A Beginner’s Guide to Endometriosis
The spotlight on Endometriosis has been gradually increasing, with multiple celebrities speaking out about their experiences with the condition; including Julianne Hough, Whoopi Goldberg, and Lena Dunham. This month Kegel8 are joining the campaign to help raise awareness even further.
Grab your sister, mother, aunt, niece, friends – it’s time to learn all about this condition that affects 1 in 10 women.
What is Endometriosis?
Endometriosis is a condition where tissue that is similar to the lining of the womb begins to grow in other areas, such as your fallopian tubes or ovaries.
Endometriosis is most common in women who are in their 30s and 40s, but it can affect women of any age. Often, it is a long-term condition that can have a severe impact on your health.
What are the Symptoms of Endometriosis?
Endometriosis symptoms can vary from woman to woman. Some are badly affected, while others may not even suffer from symptoms. The main endometriosis symptoms include:
- Pelvic pain (that is normally worse during your period)
- Period pain that prevents you from performing normal activities
- Pain during or after sexual intercourse
- Pain when urinating or passing bowel movements whilst you are on your period
- Experiencing nausea, constipation, diarrhoea, or blood in your urine during your period
- Difficulty getting pregnant
- Heavy periods
- Feelings of depression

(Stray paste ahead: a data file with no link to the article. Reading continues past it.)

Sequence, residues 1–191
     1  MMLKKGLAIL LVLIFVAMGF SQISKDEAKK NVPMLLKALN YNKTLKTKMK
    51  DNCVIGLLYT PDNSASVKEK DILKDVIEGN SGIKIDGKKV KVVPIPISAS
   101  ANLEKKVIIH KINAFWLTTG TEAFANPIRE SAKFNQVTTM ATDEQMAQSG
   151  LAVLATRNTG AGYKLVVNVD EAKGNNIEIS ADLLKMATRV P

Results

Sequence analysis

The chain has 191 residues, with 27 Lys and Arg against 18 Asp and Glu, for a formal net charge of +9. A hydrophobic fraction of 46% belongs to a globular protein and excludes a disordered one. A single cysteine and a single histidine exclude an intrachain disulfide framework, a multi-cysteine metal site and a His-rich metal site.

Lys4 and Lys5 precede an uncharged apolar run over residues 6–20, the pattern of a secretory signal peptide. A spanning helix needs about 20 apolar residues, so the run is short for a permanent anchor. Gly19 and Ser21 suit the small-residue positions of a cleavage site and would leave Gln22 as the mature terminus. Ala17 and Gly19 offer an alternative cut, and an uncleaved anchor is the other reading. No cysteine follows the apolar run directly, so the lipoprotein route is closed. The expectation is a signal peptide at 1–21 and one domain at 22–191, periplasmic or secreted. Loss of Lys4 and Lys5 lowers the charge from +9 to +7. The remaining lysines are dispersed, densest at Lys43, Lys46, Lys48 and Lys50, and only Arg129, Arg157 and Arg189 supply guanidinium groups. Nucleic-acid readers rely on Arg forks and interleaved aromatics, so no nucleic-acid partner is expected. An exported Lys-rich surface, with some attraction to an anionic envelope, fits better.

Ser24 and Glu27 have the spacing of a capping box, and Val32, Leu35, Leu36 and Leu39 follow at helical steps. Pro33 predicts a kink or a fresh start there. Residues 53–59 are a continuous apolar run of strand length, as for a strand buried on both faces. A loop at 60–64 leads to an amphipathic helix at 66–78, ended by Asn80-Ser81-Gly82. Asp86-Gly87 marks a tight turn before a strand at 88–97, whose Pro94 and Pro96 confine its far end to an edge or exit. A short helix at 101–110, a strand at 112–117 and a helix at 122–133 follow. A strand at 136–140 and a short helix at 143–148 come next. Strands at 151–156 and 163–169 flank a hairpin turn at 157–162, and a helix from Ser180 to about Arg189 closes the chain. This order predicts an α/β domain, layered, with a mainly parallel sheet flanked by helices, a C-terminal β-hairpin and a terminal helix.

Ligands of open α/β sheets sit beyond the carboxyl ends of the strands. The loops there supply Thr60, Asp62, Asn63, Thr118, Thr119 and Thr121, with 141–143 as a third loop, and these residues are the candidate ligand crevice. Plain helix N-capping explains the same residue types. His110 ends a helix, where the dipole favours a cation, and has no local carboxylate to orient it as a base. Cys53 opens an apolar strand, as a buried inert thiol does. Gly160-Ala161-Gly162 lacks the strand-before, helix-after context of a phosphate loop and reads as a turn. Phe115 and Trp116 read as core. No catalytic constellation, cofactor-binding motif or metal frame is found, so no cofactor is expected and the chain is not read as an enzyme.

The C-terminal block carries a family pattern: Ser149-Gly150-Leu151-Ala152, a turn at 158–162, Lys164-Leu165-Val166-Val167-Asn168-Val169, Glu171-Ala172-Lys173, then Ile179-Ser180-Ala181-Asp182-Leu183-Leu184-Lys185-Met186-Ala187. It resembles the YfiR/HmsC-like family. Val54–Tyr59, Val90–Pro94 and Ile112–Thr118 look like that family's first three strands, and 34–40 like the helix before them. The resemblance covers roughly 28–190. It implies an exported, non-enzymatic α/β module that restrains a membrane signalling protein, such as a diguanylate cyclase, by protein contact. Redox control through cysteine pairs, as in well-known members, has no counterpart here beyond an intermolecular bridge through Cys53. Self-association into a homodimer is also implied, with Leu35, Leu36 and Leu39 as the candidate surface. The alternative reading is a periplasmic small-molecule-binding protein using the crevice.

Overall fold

What Causes Endometriosis?
The main cause behind endometriosis is unknown. However, there have been a few theories suggested:
- Genetics – Endometriosis tends to run in families, and can affect certain ethnic groups more than others
- Retrograde menstruation – When parts of the womb lining flows up through the fallopian tubes and embeds itself on the pelvic organs, instead of leaving the body as a period
- Immune system issues – Problems within the immune system
- Spreading of endometrium cells – Endometrium cells spreading through the body in either the bloodstream or lymphatic system
What is the Relationship Between Endometriosis and the Pelvic Floor?
Women who suffer from endometriosis may also have issues with their pelvic floor muscles, developing a pelvic floor dysfunction as a result. Women may experience hypersensitive fibres within their pelvic floor muscles and/or tissues - this can lead to more pain.
How to Treat Endometriosis
Currently, there is no cure for endometriosis, but there are some treatments that can help to ease the associated symptoms. These include:
- Painkillers – Ibuprofen and Paracetamol may be taken to help relieve pain
- Hormone medicines and contraceptives – You may be prescribed the pill, the contraceptive patch, an IUS, or certain medicines to help manage your hormone balance
- Surgery – You may be offered surgery in order to cut away the patches of endometriosis tissue
- Hysterectomy – For widespread endometriosis, you may have to have an operation to remove part or all of the organs affected by endometriosis
 NHS (2019) Endometriosis [online]. NHS [viewed 21/02/2019]. Available from https://www.nhs.uk/conditions/endometriosis/
 Endometriosis.Org (2017) Facts About Endometriosis [online]. Endometriosis.Org [viewed 21/02/2019]. Available from http://endometriosis.org/resources/articles/facts-about-endometriosis/
 Sarrel, Dr. S. (2019) Preparing for Pelvic Floor Therapy [online]. Center for Endometriosis Care [viewed 21/02/2019]. Available from http://centerforendo.com/preparing-for-pelvic